Wednesday, June 20, 2007

Show 444 - John Platania

Sometimes, WoodSongs is

Don't get me wrong, it's always a great time. But after 444 shows, the routine becomes evident and you sort of go into "auto-pilot." Which of course, is the life of an artist. Musicians and songwriters must cultivate a very high tolerance for repetition in order to survive.

Think about it: they write a song. Practice the song. Rehearse the song. Record the song. Make a music video of the song. Release the song. Radio plays the song. They perform the song. It becomes a hit and they play the darn thing every night for the rest of their career.

Now, I've never had a hit song ... granted. But I have performed over 2,500 Earth Concerts in less than four years which meant that I was playing the same song-set two, sometimes three times a day for up to six days a week ... for four years. It may not have been a hit record, but it sure felt like one.

I had a conversation a few years ago with a great songwriter who has had several global hit records. He described that, as much as he loves his songs
and all they give him, it can be a bit of a struggle at times to stay interested in the moment of performance. Then he said something that really stuck with me:

"It must be horrible being Chuck Berry."

Please remember that we were speaking in the context of
repetition. He wasn't implying anything about Chuck Berry personally, just the situation Chuck was in. You see, Chuck has a whole concert set of 2 1/2 minute hits, written in the same key of E with the same chord structure, and his audience and the promoters expect to hear every last one of those hits on stage that night. If he ever left out Johnny Be Good he would be booed off the stage.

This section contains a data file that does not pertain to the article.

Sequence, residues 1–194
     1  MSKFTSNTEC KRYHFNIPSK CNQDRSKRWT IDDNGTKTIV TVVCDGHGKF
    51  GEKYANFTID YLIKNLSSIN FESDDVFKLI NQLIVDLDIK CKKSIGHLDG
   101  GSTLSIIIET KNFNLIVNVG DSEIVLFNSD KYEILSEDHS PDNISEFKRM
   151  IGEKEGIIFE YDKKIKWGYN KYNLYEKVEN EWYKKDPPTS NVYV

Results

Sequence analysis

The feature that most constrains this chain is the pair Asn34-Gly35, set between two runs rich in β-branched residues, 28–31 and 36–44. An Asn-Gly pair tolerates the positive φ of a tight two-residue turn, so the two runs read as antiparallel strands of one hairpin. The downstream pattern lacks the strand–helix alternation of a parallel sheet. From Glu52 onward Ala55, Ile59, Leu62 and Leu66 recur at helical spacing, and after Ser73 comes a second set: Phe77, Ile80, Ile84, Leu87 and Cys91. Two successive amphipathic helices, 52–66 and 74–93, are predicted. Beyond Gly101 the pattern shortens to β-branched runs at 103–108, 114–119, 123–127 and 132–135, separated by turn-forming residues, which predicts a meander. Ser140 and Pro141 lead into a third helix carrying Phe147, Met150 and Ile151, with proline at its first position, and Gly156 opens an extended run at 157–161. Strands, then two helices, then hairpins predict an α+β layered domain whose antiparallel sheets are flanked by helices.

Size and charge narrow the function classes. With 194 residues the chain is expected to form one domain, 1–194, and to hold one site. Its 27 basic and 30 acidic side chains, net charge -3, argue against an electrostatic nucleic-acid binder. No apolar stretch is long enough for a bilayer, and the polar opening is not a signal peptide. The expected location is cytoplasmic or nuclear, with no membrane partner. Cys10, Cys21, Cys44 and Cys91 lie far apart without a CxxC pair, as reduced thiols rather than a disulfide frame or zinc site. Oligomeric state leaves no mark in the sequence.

"Massive hits" are awe inspiring events ... yet can feel like a bruise to your brain and vocal chords.
It must be exciting at first, but after a decade or two and five thousand performances later it can't be all that interesting anymore. I guess that's why Arlo Guthrie stopped playing Alice's Restaurant for over a decade. He had to rest from it and he said so publicly. It didn't mean he didn't like the song or that he didn't appreciate how much the audience wanted to hear it. He simply needed a break. Obviously, he respects the song because he's playing it in concert again.

John Platania (pictured here) was on the show this past Monday. He is a brilliant and in-demand musician who toured with everyone from Van Morrison to Bonnie Raitt ... he toured with Don McLean for almost 15 years ... he made a living backing up these great songwriters with the huge hits that made those careers possible.

John has his own solo CD out. It really shows off his guitar style and voice and it becomes obvious why so many want to work with him. And he's a great guy. He's gone from side-man to front-man. And the sense of the repetition is different. It is no longer someone
else's song. Now, he is singing his own songs. Every night. Every concert. Every performance. He was on the show with Chip Taylor, a wonderful songwriter and true gentleman who has seen several of his songs travel the years and go around the world. Chip plays Wild Thing and Angel Of The Morning every night. Every ... single ... night.

But here they are, traveling on and introducing their music to new audiences. Because at the very heart of them they are both artists, they both appreciate the audience, they both love what they are doing. And whether the next song becomes a hit or not, they choose to let the music live and breathe in the voices of the audiences they sing to.

And that is fun.


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